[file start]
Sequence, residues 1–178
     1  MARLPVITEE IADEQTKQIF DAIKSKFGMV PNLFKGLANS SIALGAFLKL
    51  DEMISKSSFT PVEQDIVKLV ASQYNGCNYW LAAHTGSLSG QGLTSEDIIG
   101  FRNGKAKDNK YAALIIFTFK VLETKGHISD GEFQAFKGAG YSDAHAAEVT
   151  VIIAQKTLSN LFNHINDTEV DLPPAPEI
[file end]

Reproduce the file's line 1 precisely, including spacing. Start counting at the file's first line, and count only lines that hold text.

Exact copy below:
Sequence, residues 1–178